Finally, they moved me to a recovery room and I was relieved to find myself in a private room. I'm not sure if it's because I'm an employee of the university that the hospital is part of (they have a special program that I signed up for and one of the perks is that they will give you a private room if one is available) or whether it's because I had a c-section and would need to be there for three nights. Another perk of the special program is that I got free cable, but it turned out that I was much too tired to care about watching t.v. There was also a single pull-out bed in the room, so J was able to stay overnight with me.
Not much happened the first night. We had Squeakles in the room with us most of the time. In fact, they told us that they couldn't keep a baby in the nursery unless we agreed that if the baby needing soothing that they could give him either a pacifier or formula. Since we didn't want them to give him either of those things, we almost always had him in the room.
That first night I was pretty much just counting down the hours until I would finally be allowed to drink something. I was so happy when, at 4:30 am, they let me have some juice - four little 4 oz cups of apple juice and however much water I wanted. It was then that I also learned that I had a catheter in from the surgery. They took it out (not painful at all) and told me that I could now drink as much as I wanted (though they advised me to go slow) and that eventually I would just pee on my own. I was so excited that I tried to take the drinking slow, but I did drink to my heart's content. (Wait for it, this becomes important later!)
As for medications, I learned that I was on pitocin (given through the IV they put on me at the very beginning) to help my uterus contract and shrink. I guess with the anesthesia that my uterus wouldn't be able to do that on its own. They also gave me oxycodone and ibuprofun as pain relief, which at first I don't even think I was really aware of. There were so many doctors and nurses coming in and out of the room, checking my incision, giving me medications, changing my maxi pads (yes, you bleed for days after a c-section too - it's because the placenta is gone but there are still blood vessels trying to feed it). The strange thing to me about the pain medications is that there was a definite schedule for when I could take them (6 hours between doses of ibuprofen and 4 hours between doses of oxycodone), but the nurses themselves wouldn't just bring them to me on time. They kept telling me that I needed to request them, but it was almost as if they didn't realize that I wasn't really able to keep track of when I'd had what. When I'd finally ask for more, they'd sort of admonish me for not taking them on more of a schedule and remind me that it's important to keep taking them, but yet they never tried to remind me. I guess they don't want to drug you if you don't need it, but at the very least, I would think they could check back in with me on a schedule.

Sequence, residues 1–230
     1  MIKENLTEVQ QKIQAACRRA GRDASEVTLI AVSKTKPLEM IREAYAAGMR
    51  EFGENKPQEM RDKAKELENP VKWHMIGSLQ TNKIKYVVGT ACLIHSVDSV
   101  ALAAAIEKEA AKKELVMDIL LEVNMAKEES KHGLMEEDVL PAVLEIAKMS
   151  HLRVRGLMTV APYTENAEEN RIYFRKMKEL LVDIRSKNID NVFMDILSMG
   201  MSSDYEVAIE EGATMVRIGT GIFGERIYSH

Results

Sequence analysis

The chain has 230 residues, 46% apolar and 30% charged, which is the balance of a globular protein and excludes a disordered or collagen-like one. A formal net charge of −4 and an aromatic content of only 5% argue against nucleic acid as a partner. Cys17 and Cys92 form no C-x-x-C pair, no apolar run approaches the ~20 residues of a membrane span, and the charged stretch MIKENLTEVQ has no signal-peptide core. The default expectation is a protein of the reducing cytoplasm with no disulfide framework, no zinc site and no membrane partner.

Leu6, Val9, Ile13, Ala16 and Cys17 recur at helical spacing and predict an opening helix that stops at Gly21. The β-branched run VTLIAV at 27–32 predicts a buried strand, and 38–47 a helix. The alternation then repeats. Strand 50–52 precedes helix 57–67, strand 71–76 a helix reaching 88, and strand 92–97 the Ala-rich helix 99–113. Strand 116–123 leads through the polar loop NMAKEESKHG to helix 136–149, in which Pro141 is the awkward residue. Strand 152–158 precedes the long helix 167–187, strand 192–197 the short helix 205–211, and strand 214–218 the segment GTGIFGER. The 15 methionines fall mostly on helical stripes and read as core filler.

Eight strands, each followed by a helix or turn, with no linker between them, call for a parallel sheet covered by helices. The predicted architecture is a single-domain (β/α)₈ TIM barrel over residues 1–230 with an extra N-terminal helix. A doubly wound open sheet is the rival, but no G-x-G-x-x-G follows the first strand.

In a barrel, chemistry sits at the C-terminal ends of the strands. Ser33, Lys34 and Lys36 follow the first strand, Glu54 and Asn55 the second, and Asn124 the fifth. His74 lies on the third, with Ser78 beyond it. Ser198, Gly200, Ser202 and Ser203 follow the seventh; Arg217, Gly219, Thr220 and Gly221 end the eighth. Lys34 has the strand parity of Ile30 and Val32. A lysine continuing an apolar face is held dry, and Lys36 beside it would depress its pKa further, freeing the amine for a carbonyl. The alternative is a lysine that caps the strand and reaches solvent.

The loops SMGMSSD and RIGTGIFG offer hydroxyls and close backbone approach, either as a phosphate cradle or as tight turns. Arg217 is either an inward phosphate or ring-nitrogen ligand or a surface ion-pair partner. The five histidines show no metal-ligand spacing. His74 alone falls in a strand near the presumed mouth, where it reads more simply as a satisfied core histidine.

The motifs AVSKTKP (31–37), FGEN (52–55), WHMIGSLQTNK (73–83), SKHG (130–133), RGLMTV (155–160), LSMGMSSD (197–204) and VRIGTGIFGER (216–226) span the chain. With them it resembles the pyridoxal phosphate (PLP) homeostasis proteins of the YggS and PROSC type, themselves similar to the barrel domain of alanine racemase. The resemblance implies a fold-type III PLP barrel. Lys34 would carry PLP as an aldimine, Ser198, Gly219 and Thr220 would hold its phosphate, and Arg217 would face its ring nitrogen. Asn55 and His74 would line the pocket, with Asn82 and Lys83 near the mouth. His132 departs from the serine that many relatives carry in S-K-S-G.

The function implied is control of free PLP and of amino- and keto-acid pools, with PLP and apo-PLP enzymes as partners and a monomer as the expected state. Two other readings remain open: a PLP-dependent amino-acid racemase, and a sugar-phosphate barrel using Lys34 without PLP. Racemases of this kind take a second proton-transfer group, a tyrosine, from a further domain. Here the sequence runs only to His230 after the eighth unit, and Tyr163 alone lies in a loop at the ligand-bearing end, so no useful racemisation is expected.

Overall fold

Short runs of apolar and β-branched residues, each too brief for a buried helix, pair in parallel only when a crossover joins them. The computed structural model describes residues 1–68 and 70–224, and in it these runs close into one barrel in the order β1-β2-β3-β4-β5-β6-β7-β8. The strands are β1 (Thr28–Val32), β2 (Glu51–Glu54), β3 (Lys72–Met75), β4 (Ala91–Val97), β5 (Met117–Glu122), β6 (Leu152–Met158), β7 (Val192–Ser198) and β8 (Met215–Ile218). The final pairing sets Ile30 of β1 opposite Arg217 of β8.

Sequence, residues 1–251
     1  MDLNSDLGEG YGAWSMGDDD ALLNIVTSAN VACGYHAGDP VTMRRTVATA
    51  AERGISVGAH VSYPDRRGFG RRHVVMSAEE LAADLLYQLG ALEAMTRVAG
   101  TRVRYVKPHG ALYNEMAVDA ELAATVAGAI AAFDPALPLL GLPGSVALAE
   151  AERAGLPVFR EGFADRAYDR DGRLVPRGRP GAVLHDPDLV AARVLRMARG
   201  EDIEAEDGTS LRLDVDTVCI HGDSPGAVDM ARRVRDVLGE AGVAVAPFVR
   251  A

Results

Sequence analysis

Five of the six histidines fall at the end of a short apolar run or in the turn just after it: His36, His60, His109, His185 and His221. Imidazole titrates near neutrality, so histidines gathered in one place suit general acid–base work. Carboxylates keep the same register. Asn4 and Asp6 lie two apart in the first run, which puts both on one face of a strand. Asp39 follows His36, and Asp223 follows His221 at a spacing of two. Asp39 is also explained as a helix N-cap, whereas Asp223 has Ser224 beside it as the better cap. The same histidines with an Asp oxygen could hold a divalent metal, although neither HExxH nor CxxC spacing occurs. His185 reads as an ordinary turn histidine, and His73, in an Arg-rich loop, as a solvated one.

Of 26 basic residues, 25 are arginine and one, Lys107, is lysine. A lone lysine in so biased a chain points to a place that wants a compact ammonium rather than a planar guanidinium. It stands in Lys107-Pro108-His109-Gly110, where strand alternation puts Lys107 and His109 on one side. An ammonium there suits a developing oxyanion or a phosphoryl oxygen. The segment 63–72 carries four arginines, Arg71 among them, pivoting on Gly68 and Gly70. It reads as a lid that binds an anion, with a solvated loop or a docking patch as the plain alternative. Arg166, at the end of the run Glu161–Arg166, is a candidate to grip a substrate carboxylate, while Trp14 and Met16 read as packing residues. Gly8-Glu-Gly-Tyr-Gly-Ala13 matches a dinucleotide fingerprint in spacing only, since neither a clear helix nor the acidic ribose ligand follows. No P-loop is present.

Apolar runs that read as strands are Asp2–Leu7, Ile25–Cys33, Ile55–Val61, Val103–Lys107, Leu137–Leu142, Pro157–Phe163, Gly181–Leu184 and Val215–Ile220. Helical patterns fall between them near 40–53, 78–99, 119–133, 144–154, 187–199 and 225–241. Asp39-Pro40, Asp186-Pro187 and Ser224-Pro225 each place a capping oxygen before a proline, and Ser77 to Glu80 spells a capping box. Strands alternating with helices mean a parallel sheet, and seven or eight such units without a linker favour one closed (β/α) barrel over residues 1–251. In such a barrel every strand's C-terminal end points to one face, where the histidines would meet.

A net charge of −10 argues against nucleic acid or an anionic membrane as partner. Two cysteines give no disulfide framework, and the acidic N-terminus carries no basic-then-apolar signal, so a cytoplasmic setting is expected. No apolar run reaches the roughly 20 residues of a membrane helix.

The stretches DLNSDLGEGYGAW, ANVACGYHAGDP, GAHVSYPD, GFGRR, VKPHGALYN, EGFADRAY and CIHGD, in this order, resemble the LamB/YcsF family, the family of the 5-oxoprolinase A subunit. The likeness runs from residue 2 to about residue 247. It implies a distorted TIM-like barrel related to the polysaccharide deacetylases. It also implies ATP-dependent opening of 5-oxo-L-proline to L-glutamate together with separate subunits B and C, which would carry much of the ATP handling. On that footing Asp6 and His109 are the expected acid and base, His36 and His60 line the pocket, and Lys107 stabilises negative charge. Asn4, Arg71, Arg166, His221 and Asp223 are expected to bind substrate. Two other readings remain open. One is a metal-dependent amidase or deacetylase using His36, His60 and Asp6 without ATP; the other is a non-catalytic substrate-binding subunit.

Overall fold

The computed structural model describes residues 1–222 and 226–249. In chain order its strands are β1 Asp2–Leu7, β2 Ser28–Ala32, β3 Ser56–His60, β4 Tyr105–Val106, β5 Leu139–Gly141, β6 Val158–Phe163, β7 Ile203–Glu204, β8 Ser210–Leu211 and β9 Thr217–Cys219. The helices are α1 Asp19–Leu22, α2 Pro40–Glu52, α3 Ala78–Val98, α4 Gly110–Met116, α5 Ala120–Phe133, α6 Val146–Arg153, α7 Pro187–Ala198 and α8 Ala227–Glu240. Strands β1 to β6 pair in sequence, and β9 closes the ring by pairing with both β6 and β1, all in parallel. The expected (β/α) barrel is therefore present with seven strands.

But except for the strange impetus on me to keep to a schedule for the pain medications, the doctors and nurses were extremely attentive. In fact, it was almost hard to get any sleep because there was always someone coming in the room for something. I can't say enough good things about them; they were all very supportive and helpful.